When Eduardo Montenegro lost his wife to murder, he took his revenge on the family business, leaving nothing but a broken empire and a crooked lawsuit as his daughter’s legacy. Now, it’s up to Carol to figure out how to fix it–and how much she’s willing to sacrifice doing it.
Set between a stunning seaside resort in southern England and Rio de Janeiro, this is a tension gripping thriller filled with sweet, heartwarming romance
Lurking under the shadow of a tree and the mouth of a nearby alleyway, they watched. Another jogged nearby, but the blonde with the short bob never noticed her stalkers. She hadn’t paid them any attention for the five weeks they’d been following her.
Within two of those five weeks, they’d gathered all the information there was to have about her wretched existence. She lived alone in a small house at the foot of a hill, at the very edge of a favela. Every morning, just before dawn, she turned on the lights, even on weekends. She went out for a run fifteen minutes after that and came back forty minutes later. Set her coffee to brew while she showered, and had her breakfast watching the morning news.
At exactly seven-thirty every morning, she left for work, came back around five, give or take a few minutes. Every Friday evening, she went grocery shopping, and never left the house on weekends, preferring to clean and bake as she listened to crappy music. She wasn’t friends with her neighbors, wasn’t seeing anyone, had no family who lived nearby. Aside from her boring routines, her stalkers knew everything else about her—her forgettable name, Maria da Silva, her date of birth, her identity card number, her last three addresses, even the meager savings she had in her account. She was less than ordinary, had nothing worth to write home about. Not that she had anyone to write to. Her parents were both deceased and her only sibling, an estranged brother, lived far south at the border with Uruguay.
They knew that if Maria was to disappear, only her employer would notice, and that only because she’d fail to arrive in the morning.
On Mondays and Thursdays, she’d come to the park and, per her employer’s instructions, stay for an hour and a half. She took her job as a nanny seriously enough not to befriend any of the regulars, so she wouldn’t be distracted from her charges. She’d arrive at ten o’clock in the morning, depending on traffic, and pack up and leave at eleven-thirty.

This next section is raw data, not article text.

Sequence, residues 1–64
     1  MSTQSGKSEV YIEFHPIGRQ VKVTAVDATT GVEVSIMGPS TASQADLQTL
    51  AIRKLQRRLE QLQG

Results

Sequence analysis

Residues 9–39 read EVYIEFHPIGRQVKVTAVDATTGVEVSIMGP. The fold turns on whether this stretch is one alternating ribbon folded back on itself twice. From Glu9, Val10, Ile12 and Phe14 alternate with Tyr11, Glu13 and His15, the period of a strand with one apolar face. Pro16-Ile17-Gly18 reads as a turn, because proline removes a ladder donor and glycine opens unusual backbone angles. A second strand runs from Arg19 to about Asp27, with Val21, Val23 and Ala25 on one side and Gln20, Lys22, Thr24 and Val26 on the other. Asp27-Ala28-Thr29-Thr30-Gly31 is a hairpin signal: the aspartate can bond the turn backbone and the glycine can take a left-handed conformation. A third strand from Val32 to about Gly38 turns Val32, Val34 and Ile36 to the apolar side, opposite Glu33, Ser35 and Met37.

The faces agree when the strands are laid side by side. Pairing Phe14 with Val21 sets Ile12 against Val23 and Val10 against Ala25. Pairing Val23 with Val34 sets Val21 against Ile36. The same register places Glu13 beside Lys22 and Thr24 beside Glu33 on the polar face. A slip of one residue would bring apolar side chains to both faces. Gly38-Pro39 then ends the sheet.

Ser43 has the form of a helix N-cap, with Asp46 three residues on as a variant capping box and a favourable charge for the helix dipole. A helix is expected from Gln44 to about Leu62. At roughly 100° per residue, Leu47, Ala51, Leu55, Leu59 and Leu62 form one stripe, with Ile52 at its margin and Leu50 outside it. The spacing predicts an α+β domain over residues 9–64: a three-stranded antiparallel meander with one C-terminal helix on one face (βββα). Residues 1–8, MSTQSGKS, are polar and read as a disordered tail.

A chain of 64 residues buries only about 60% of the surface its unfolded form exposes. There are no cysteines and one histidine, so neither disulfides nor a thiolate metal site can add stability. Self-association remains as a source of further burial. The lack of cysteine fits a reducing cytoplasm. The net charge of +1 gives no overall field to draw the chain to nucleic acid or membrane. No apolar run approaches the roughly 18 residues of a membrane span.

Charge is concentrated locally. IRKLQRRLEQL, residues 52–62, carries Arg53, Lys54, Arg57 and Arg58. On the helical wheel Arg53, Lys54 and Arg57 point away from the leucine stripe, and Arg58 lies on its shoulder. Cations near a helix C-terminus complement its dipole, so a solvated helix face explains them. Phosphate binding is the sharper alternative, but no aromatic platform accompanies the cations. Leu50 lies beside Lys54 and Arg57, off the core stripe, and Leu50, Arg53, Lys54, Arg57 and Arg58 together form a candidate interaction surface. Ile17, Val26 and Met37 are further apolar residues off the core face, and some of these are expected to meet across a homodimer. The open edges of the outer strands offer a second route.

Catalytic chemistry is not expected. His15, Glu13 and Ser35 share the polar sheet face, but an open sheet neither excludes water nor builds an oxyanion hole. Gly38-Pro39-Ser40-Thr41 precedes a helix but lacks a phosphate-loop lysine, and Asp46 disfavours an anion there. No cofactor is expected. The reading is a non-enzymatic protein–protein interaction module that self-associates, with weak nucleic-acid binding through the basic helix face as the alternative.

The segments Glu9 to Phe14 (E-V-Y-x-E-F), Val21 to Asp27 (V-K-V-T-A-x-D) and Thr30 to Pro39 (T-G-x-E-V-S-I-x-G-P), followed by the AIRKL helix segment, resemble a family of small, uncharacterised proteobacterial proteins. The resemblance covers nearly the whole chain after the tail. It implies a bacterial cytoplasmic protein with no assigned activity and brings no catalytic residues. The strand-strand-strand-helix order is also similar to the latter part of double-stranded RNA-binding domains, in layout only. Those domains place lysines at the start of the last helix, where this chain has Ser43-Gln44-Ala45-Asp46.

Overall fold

Today was Monday, three minutes past ten, and there she was, like clockwork. The jogger adjusted his course to cross by the bench where she usually sat. He’d been here doing laps every day for over a month, no delay, no excuses. The regulars had seen him enough times that they stopped seeing him. The guy at the mouth of the alley left his post for the first time since he began his surveillance.
Today was the day. Her stalkers were nervous and giddy with excitement; everything was going according to plan.
They’ve been riling her for two nights in a row. Yesterday, they broke her front window by throwing rocks. Tonight, they threw a bunch of firecrackers in her garbage bin—the racket had been so loud, even the neighbors woke up. The police questioned everyone, determined that kids had caused the prank, but they’d accomplished their goal. The dark shadows under her eyes and the inward curve of her shoulders confirmed she hadn’t gotten much sleep. After the police left, her stalkers tampered some more.
Her electricity was off, so she had to forgo her shower and coffee. Her front tire had been low, so she took the bus to work, and for the first time in three years, arrived late.
Fifteen minutes after she arrived at the park, she sat on the cement bench—another of her routines—where she watched the three-year-old children alternate between the glider and a swing. The guy from the alleyway approached, thrust an ancient-looking map at her and asked for directions to a non-existent business near the city center, startling her. Unfamiliar with the lines of a map, she pulled out her phone, surprised to find she had no internet connection. The jogger, cute little poodle in tow, began his fifth journey by the park. As expected, the little boy jumped off the swing and dashed to pet the dog, the same as he’d been doing for weeks. His nanny half stood, caught sight of the familiar short, generic jogger patiently jogging in place as the boy showered the dog with attention, and sat back again.
She searched for the little girl, found her playing with two other familiar boys, and returned her full attention to the map and the squiggly lines, clearly trying to make sense of it. The moment she looked away, the jogger put his hand on the boy’s shoulder, stinging him, signaling the all-clear for the woman standing in the shadow of the tree. When the nanny next checked on the boy, there was no one there. Had she looked behind her, she’d have seen the woman, dressed in similar attire as her black slacks and a crisp white button-down, and a blonde wig the same color and length as her hair, pushing a stroller away from the park, perhaps even recognized the boy’s red shoe peeking out.
Instead, the nanny glanced to the left, found the jogger sprinting away, dog in tow, no child. She glanced next at the playground, found the redhead girl still playing with the two boys, searched the swings, the gliders, the seesaws. But the boy with the dark mane of hair was nowhere to be seen. Rudely dismissing the man still asking for a better route to his destination, the nanny got up to search for the little boy, now being placed on the backseat of an unremarkable vehicle, just across the street from the park.
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